A Round Of Applause For The Indian Companies That Entered The Olympic Arena

In a country like India where infrastructure, education and health care are still pressing needs for most of the population, the budget for sports is limited. Facilities for sportsmen and women, good coaches, international quality equipment -- these are all out of reach for even the most talented of Indians.

Despite a huge population of nearly 1.3 billion, India hasn't achieved much success in the international sporting arena, with the notable exception of cricket. Most summer Olympic sports like athletics, swimming, gymnastics, basketball, cycling, and volleyball are completely ignored in India. As for winter sports -- they remain completely undeveloped.

And yet, India has some tenacious, determined and gritty raw talent that defies all odds to fight its way to the top of the international stage. Witness the Deepika Kumaris, Dipa Karmakars, Lalita Babars, and Dattu Baban Bhokanals who made it to the Rio Olympics after practicing in the rural backyards of our country.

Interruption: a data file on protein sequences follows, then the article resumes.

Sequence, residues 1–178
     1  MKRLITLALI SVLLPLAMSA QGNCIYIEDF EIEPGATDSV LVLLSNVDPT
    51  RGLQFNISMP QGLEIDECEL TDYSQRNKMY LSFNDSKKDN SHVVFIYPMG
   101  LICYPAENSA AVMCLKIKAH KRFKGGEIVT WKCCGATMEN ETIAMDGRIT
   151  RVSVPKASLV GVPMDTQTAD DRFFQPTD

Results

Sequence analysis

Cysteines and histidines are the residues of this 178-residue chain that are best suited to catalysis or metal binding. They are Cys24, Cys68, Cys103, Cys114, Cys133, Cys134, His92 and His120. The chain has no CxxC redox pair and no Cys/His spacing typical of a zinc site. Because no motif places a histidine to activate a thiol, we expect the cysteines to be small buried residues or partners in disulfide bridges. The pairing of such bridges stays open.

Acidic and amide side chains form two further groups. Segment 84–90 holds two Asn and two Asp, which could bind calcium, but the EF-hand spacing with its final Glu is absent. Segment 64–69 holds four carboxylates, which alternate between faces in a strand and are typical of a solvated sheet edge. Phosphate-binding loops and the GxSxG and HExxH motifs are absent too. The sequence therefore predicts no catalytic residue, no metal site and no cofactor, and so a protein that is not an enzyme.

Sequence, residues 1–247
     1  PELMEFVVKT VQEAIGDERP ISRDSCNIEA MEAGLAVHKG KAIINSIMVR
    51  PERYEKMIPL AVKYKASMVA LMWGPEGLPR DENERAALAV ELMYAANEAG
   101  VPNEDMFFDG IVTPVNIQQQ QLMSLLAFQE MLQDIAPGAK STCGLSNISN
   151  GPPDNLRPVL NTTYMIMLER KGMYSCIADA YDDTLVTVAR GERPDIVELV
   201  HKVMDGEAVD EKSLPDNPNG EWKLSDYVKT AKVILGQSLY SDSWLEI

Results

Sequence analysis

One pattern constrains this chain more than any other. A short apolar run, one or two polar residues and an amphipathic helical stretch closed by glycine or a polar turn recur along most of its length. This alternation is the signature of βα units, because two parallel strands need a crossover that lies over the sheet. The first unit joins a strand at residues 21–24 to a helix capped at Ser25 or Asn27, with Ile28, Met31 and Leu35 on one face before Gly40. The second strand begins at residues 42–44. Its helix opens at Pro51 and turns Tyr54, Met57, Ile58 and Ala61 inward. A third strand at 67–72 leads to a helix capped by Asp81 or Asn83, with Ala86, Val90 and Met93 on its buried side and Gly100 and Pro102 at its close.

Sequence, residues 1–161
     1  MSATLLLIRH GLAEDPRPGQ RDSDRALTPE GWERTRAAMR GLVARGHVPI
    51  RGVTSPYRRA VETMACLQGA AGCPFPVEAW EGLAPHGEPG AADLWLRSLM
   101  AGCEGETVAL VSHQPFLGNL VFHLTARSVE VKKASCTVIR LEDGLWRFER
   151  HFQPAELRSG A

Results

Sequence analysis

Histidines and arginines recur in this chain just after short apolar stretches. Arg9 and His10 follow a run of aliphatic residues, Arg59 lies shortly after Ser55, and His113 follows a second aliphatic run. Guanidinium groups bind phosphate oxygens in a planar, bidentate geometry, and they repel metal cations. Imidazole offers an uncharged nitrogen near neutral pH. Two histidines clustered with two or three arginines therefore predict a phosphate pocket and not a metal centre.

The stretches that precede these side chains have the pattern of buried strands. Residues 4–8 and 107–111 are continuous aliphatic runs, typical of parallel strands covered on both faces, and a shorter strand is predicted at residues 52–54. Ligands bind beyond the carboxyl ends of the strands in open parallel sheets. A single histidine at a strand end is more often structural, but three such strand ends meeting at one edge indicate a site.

Edelweiss employees scoured Mumbai to find just the right pair of shoes for Dutee Chand...

Many of India's promising athletes face financial difficulties that threaten the realization of their sporting ambitions at an early stage. This chronic lack of resources has undermined Indian performances at top events for a very long time, with the country's athletes getting the backing of only a few private sector sponsors.

This year, however, it was heartening to see private companies taking baby steps to support competitive sports in the country (apart from cricket) and promoting individual athletes. For the 2016 Rio Olympics, as many as nine private sector companies signed up as sponsors for the Indian contingent, the country's largest ever.